TSA has a travel policy that allows you to travel domestically with hemp-derived CBD products of any kind so long as those products contain no more than 0.3 percent THC.

If you are planning a domestic trip in the USA, check the policy on TSA’s website for any updates or additional information.

Here are 4 tips to help prepare for traveling with CBD products domestically in the USA:

#1  Only bring CBD products that have 0.3% or less THC. To verify the amount of THC in your CBD product, review your CBD product’s lab report for the total amount of THC reported.  If you do not know how to read the lab report, contact the brand for help. 

› Recommended: How to Read a CBD Lab Report

#2  Keep your CBD product in its original packaging. This may seem silly but brand and product information on the packaging may be helpful if a TSA security officer has questions about your CBD product.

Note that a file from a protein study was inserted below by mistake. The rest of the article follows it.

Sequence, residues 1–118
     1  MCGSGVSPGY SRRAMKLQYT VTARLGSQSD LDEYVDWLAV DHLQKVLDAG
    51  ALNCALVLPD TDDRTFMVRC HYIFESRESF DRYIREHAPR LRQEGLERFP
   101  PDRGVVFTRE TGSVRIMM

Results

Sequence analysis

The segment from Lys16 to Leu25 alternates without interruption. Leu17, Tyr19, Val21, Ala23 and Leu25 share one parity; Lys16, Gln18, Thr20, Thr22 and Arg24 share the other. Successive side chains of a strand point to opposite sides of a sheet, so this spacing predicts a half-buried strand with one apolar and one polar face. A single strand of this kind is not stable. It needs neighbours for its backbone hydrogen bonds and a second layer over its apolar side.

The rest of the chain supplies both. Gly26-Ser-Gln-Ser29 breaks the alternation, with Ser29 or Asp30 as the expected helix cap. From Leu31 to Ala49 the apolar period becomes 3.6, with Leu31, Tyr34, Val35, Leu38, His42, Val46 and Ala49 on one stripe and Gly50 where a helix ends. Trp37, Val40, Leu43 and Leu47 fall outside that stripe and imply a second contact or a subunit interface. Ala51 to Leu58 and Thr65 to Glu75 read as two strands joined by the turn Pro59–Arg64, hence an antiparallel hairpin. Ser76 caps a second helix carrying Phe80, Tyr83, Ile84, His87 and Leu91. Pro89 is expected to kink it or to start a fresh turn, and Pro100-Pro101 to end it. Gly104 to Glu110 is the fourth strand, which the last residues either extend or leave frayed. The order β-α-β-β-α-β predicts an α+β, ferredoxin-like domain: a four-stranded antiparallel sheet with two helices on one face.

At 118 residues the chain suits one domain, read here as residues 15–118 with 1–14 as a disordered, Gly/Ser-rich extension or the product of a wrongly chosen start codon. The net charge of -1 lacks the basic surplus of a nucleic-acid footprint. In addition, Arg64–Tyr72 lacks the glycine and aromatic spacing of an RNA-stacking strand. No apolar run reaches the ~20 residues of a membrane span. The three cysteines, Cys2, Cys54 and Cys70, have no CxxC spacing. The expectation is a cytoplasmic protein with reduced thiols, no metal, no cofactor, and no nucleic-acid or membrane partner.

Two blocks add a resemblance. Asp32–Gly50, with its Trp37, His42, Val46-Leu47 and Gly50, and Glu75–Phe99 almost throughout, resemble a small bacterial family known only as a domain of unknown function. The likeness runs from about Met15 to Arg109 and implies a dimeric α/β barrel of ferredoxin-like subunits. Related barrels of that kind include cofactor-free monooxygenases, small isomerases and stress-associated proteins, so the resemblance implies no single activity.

#3  Does your CBD product have a QR code?  Your product should have a QR code on the product label. When you scan the QR code with your mobile camera or QR app a webpage should open that hosts the lab report.  This is helpful in the event a TSA security officer has questions about the content in your CBD product. If your CBD product does not have a QR code, bring a hard copy of the lab report with you or save an electronic version of it to your device. deepCBDs products have a QR code and meet the requirements of TSA’s policy so you can carry on or pack your deepCBDs product when traveling by car or plane domestically in the USA.

#4  If you reside in a state that requires a doctor’s written certification or patient registration, bring a copy of this document with you in the event a TSA security officer asks you for it.   

The information provided in this post is for general, informational purposes only and does not constitute legal advice. The information provided is current as of the date of the post, but laws and regulations may change at any time in the future. You should always do your own independent research to stay up to date and be informed.